Offense uncharacteristically quiet behind Sale's solid start

April 13th, 2024

MIAMI -- During the middle innings on Saturday afternoon, a brown paper napkin caught the wind and started to blow all around the infield of loanDepot park. With the roof open, it was a perfect -- though very gusty -- afternoon for baseball in Miami.

It was that napkin, strikingly reminiscent of a tumbleweed, that served a perfect depiction of the Braves’ offense in their 5-1 loss to the Marlins.

It wasn’t that Atlanta struggled to get hits, or even extra-base hits (the club had six hits, including two doubles and a triple). The Braves just couldn’t seem to get the RBI knocks they so badly needed.

Entering the sixth inning, Atlanta had put six runners on base, three of whom reached scoring position, with none scoring. Finally, Marcell Ozuna laid down a swinging bunt with one out in the sixth to drive in Austin Riley, who had just hit his first triple of the year. Riley cruised home, and the Braves avoided being shut out for the first time in the regular season since May 12, 2023.

“It was just an off day,” said Matt Olson, who went 0-for-4 with two strikeouts. “I mean, not to discount anything [Marlins starter Max Meyer] did, he threw it well; but yeah just not the best flow for us offensively.”

Meanwhile, the bats may not have been going deep, but starter sure did. On the day the Braves announced that Spencer Strider would be out the remainder of the season after having surgery to repair his UCL, Sale completed seven full innings for the first time this season. The night prior, Max Fried had spun a gem to bounce back from a rough start to the year (an 18.00 ERA in his first two starts).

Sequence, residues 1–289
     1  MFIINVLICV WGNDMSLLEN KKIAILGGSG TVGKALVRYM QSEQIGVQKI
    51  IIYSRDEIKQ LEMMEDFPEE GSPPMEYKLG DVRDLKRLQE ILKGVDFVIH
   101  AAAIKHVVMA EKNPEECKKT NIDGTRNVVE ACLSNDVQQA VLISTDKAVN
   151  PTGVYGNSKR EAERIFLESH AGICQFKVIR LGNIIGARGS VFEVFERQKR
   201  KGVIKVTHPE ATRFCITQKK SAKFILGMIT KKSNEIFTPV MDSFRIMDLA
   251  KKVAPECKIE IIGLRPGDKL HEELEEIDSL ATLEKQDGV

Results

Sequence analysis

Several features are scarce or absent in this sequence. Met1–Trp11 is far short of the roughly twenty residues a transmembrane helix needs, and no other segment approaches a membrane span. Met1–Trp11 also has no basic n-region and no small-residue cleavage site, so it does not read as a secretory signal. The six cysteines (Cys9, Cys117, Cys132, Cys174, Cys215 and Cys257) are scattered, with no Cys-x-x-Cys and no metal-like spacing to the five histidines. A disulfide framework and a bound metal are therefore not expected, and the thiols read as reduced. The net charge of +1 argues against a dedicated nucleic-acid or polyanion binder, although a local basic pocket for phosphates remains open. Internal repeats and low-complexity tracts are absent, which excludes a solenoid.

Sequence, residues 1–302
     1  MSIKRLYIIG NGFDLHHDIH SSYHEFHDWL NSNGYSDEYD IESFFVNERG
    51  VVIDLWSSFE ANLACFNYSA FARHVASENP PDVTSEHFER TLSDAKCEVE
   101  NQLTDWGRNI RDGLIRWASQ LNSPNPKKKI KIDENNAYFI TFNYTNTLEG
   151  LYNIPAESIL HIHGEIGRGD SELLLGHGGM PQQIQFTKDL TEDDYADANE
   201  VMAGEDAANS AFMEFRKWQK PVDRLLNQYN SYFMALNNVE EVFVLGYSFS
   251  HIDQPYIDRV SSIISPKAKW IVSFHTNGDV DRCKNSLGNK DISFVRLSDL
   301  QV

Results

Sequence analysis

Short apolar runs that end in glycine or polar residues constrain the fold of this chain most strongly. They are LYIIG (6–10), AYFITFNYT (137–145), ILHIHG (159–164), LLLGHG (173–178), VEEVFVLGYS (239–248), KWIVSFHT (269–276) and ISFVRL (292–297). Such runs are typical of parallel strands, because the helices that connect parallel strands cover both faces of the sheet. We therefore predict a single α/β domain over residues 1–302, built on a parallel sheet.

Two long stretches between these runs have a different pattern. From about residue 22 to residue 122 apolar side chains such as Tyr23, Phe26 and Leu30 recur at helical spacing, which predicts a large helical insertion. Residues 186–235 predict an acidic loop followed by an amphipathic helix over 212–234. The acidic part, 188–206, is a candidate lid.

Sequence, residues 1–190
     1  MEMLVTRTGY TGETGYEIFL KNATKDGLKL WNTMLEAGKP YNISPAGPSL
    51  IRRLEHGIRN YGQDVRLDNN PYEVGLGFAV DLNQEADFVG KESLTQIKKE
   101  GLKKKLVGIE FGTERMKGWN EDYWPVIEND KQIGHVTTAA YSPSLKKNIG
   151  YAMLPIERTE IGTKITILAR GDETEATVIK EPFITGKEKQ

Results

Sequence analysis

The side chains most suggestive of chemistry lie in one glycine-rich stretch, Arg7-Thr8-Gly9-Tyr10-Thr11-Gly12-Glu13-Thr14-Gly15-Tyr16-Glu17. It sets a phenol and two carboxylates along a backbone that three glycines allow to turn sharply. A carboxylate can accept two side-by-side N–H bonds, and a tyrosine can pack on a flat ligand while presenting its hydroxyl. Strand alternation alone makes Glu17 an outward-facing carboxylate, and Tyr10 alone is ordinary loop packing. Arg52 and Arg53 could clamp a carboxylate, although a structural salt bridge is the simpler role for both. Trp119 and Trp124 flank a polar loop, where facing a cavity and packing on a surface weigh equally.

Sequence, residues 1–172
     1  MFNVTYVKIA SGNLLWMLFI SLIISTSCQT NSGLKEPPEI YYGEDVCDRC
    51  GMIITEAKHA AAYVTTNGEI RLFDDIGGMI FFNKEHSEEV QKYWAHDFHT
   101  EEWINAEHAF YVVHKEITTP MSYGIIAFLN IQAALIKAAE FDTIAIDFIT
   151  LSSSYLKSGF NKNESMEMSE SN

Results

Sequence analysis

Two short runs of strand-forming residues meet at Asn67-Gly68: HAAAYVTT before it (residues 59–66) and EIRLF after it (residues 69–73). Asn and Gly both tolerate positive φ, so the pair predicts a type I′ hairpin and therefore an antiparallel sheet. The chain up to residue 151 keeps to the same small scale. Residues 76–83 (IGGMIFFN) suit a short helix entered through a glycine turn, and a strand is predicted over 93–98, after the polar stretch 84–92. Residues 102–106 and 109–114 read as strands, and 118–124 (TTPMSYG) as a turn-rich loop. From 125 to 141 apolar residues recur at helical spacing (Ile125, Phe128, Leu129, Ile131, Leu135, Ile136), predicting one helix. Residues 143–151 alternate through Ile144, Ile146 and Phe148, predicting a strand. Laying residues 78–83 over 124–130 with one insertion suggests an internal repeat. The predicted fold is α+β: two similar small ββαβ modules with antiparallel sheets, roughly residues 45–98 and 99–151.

“It’s nice,” Snitker said. “We’re going to need our starters, they’re going to have to carry the bulk of the load for us to be successful. And those last two starts were really, really good. We’re going to be fine.”

As Atlanta progresses in this season, it will need guys like Sale and Fried to step up and help fill the void left by Strider. Though the box score won’t show it (he was charged with five runs), Sale was surprisingly dominant.

Part of his struggle came down to being unlucky. Sale retired nine straight after allowing an RBI single in the second inning, pitching a clean third and fourth. But he started to falter in the fifth, allowing a two-out single and two walks. Then, after a mound visit, he gave up a bases-clearing double to Bryan De La Cruz, taking the Marlins from a 2-0 lead to a 5-0 lead. The double came on the first pitch of the at-bat; Sale left an 86.5 mph changeup middle-in, and De La Cruz made him pay.

“I’ve just got to get that [pitch] down [in the zone],” Sale said. “Just for whatever reason, it just kind of left me that inning, and that was really the only inning that it kind of got away. Even the following two innings, when I was still kind of steaming, I felt like my command was there and everything was good. I just, for whatever reason at that moment in time, that one inning just kind of fell apart and I wasn’t able to limit damage.”

Sale’s skipper had a slightly less morose take on the starter’s performance.

“I thought he was really, really good,” Snitker said. “He had the two outs in the fifth inning -- got two quick outs, an infield hit, [but] walks were the big thing in that inning, obviously, but he got on such a roll there.”

Sale wanted to keep pitching, and the Braves wanted to show the southpaw they have faith in him, sticking with him through the seventh. He threw 102 pitches (70 strikes) and struck out seven. It’s the first time since May 20, 2023, with Boston, that Sale pitched seven innings.

“If I’m gonna be horse[crap], at least I can save the bullpen a little bit,” Sale said. “There were some good stretches, but, as a whole, still just got to be better.”